Though it should be noted that many successful B2C products are based on exposing latent aspirational needs. Facebook is a great example. When we discuss this topic in my classes, we discuss consumer needs through frameworks like Maslow’s hierarchy of needs where one can think about what might have driven Facebook’s success and of course it exposes our obvious social needs.
Or consider more obviously Evernote and its value proposition. The company set out to “help the world remember everything, communicate effectively and get things done”. From saving thoughts and ideas to preserving experiences to working efficiently with others, Evernote’s unique collection of apps makes it easy for users to stay organized and productive.
EVALUATE whether your breakthrough is unique and compelling
After you determined the problem you’re solving and validated its criticality, ask yourself: What is unique and compelling about your breakthrough?
A useful approach is to think of your breakthrough in the context of the 3Ds: What unique combination of Discontinuous innovation, Defensible technology, and Disruptive business model are you bringing to bear and what makes it truly compelling — not just to you and your colleagues, but to your most skeptical customer?
- Discontinuous innovations – offer transformative benefits over the status quo by looking at a problem differently.
- Defensible technology – offers intellectual property that can be protected to create a barrier to entry and unfair competitive advantage.
- Disruptive business models – yield value and cost rewards that help catalyze the growth of a business.
Simply having a product or service that is faster, cheaper and better is not enough to make it compelling, but evaluate it in 3D and you can really open up the potential for a breakout.
MEASURE potential customer adoption using the Gain/Pain Ratio
Most entrepreneurs are so focused on the features they deliver they forget to examine how hard it will be for customers to learn to use their product. So the Gain/Pain ratio involves measuring the gain you deliver the customer vs. the pain and cost for the customer to adopt. As an investor, I look for non-disruptive disruptions: technologies that offer game-changing benefits with minimal modifications to existing processes or environments. Simply put: disruptive innovation would ideally be non-disruptive to adopt.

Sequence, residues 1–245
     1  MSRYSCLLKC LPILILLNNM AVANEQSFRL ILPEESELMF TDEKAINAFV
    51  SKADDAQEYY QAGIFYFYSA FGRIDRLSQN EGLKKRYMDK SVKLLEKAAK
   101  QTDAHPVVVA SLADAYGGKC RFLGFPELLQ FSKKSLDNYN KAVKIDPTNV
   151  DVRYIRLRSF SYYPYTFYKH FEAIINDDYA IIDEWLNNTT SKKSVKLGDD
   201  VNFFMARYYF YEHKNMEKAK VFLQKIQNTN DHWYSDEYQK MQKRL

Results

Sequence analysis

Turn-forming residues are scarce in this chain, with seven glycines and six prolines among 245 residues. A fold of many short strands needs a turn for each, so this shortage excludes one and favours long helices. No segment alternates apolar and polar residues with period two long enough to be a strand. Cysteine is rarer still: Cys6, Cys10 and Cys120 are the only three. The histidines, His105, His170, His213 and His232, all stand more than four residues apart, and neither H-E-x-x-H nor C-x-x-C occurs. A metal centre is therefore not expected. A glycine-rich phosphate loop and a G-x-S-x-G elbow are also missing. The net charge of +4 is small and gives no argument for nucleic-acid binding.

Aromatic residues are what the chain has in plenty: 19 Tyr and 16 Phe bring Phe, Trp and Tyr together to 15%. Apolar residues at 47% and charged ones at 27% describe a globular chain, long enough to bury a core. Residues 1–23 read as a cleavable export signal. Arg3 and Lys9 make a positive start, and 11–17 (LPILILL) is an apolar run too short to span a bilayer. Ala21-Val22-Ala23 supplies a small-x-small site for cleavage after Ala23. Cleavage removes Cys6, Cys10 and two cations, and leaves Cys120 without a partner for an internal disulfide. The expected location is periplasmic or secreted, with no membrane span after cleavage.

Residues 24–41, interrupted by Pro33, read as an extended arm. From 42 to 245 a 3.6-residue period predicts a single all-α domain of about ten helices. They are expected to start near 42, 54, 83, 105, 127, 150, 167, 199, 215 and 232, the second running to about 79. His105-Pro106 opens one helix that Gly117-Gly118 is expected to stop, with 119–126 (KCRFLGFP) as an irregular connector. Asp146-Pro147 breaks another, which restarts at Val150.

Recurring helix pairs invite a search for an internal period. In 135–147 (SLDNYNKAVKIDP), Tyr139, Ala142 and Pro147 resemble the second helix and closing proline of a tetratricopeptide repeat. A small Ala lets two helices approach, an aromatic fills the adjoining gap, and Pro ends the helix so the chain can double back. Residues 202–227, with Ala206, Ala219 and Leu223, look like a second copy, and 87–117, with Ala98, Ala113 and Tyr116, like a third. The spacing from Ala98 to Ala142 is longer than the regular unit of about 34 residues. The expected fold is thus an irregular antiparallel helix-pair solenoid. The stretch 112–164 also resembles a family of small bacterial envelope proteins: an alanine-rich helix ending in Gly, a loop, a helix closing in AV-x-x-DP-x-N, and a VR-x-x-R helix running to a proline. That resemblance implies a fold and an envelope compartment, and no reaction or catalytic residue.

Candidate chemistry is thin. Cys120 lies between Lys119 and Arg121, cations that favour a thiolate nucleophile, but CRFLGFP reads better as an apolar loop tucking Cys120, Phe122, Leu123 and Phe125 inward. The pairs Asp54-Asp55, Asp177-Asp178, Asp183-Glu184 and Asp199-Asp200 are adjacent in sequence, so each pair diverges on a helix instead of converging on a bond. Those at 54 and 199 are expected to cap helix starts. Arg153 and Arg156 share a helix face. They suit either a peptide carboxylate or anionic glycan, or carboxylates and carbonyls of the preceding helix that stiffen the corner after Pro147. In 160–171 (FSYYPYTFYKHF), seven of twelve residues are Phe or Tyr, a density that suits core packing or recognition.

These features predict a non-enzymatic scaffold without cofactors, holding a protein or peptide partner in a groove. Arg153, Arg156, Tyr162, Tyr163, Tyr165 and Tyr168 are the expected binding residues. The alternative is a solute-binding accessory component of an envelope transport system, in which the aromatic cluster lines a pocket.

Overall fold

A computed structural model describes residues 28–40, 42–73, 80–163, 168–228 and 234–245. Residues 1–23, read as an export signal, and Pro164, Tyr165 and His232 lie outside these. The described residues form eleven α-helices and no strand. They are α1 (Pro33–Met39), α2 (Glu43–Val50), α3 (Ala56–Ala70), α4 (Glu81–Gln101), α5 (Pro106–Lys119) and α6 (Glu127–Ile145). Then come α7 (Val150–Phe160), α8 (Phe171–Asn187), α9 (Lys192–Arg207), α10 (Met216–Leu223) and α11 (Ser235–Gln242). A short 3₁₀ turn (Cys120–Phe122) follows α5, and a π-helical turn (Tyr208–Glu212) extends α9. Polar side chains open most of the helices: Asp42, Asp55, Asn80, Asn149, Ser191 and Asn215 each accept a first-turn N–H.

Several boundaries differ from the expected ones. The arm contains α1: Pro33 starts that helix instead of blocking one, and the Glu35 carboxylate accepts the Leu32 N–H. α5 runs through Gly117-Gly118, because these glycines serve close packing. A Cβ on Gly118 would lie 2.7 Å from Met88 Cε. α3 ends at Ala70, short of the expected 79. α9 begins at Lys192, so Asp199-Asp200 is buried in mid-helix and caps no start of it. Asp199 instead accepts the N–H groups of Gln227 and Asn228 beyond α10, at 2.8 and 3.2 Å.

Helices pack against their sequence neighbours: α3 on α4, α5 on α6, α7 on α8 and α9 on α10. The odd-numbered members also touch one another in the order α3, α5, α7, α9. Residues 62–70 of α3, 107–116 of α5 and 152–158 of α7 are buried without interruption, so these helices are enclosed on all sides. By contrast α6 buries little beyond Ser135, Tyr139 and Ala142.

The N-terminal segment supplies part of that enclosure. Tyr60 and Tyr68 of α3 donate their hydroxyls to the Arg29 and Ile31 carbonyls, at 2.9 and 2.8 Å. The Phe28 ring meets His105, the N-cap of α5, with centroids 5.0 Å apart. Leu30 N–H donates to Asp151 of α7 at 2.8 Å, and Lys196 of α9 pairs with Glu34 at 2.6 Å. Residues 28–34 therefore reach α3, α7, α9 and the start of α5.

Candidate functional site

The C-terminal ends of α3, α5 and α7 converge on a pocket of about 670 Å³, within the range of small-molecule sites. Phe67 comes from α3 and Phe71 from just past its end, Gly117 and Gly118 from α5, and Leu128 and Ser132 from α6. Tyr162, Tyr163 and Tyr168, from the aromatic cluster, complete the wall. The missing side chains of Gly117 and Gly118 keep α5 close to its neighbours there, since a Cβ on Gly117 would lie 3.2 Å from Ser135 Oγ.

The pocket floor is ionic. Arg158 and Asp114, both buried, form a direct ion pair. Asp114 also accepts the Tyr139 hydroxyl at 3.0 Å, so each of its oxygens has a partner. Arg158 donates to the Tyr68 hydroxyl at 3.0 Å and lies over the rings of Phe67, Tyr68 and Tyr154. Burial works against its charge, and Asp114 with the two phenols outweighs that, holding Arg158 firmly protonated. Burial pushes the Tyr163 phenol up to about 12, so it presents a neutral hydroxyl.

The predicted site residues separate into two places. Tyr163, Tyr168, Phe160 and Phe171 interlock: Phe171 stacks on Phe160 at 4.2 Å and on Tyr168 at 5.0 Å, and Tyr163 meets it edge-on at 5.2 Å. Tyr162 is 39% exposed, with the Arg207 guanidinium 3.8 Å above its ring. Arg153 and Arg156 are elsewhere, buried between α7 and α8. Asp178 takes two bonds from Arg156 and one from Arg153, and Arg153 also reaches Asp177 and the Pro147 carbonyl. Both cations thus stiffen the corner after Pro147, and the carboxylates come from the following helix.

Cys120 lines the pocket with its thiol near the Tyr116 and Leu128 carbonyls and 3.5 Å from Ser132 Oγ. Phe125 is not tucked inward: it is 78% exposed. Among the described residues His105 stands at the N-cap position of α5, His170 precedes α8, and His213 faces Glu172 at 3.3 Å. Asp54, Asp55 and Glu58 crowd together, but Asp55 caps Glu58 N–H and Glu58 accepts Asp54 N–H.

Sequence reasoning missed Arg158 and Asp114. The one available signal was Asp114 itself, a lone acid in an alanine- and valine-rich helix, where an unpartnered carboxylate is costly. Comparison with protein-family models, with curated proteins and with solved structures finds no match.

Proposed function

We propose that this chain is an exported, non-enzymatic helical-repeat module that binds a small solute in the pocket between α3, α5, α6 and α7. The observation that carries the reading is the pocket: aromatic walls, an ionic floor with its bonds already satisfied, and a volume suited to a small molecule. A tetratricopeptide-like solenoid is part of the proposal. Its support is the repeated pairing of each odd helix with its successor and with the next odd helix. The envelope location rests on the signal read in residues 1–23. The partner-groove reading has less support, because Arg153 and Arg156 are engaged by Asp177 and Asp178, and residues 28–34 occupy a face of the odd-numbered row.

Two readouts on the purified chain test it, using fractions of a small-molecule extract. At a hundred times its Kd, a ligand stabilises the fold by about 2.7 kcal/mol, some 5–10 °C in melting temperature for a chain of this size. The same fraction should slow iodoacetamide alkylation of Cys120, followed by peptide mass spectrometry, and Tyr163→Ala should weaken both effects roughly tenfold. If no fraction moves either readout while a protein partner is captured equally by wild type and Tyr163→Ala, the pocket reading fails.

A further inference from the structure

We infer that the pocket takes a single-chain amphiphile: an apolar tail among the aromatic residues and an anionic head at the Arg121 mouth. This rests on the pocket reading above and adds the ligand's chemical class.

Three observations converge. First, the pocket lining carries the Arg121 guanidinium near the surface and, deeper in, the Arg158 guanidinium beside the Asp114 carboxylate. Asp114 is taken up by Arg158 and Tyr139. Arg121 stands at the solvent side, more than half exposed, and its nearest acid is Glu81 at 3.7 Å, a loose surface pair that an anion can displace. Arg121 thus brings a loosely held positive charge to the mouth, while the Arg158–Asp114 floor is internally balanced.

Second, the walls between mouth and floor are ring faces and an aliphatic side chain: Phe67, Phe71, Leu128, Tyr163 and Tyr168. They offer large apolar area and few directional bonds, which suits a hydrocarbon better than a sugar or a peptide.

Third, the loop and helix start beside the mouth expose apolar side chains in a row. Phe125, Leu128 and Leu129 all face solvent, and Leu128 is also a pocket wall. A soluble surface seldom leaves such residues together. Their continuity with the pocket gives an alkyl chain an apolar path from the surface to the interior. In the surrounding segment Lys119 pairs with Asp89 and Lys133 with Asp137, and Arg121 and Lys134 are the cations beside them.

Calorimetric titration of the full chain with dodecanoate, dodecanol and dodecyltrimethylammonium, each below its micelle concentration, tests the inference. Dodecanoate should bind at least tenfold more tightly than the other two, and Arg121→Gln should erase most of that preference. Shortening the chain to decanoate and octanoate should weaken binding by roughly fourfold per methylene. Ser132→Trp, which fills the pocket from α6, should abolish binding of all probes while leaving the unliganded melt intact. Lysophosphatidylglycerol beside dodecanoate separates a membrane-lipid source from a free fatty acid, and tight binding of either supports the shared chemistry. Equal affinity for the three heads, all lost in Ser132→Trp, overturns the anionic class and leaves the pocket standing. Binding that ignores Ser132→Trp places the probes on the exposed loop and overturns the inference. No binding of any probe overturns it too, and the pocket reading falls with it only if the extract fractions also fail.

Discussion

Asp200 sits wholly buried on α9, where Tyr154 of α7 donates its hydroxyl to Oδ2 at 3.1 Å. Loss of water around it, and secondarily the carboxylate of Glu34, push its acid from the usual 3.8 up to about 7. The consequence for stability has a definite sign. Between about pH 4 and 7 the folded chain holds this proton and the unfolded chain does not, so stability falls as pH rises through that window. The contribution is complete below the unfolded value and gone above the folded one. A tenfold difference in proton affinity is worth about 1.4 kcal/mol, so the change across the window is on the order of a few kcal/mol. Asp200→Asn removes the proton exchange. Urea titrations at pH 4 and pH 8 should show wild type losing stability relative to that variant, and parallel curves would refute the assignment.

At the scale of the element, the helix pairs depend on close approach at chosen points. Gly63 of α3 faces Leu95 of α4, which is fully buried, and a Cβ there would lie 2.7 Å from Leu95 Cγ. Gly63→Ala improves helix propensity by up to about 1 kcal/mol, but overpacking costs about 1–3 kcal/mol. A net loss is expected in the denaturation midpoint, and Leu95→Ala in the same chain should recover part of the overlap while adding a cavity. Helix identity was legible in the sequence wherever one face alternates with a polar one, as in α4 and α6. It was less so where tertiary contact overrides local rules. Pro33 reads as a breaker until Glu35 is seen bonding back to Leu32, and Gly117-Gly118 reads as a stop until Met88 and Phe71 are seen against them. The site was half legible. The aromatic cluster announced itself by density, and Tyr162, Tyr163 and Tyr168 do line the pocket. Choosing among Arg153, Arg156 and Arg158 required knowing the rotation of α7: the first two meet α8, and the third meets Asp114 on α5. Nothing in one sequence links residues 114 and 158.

Non-disruptive is critical to startups since the gain you deliver will also be discounted by the risk associated with betting on you as a young company. A successful venture delivers an order of magnitude improvement over the status quo. If you can’t deliver a 10x gain/pain promise, customers will typically default to “do nothing” rather than bearing the risk of working with you.
BUILD the Value Proposition
Once you have gone through the defining, evaluating and measuring steps, you are ready to BUILD your value proposition, for which I recommend the following kind of framework. (Note – this is not original. It is intentionally typical of positioning statements to be consistent and reusable as such):
- For (target customers)
- Who are dissatisfied with (the current alternative)
- Our product is a (new product)
- That provides (key problem-solving capability)
- Unlike (the product alternative).
Well, those are the four steps. But I lied, there’s one more thing and it may be the most important of all. It’s YOU!
Do not lose sight of the fact that you are core to your venture’s value proposition. What problems do you understand uniquely well? What solution can you deliver uniquely well? What kind of disruptive business model can you bring? Be true to yourself as a thought leader and you will go far.
With thanks to Geoffrey Moore
This column was originally published in Forbes.
Case Study: uTest
This case study offers insight into how uTest developed its value proposition and successfully addressed the Gain-Pain Ratio.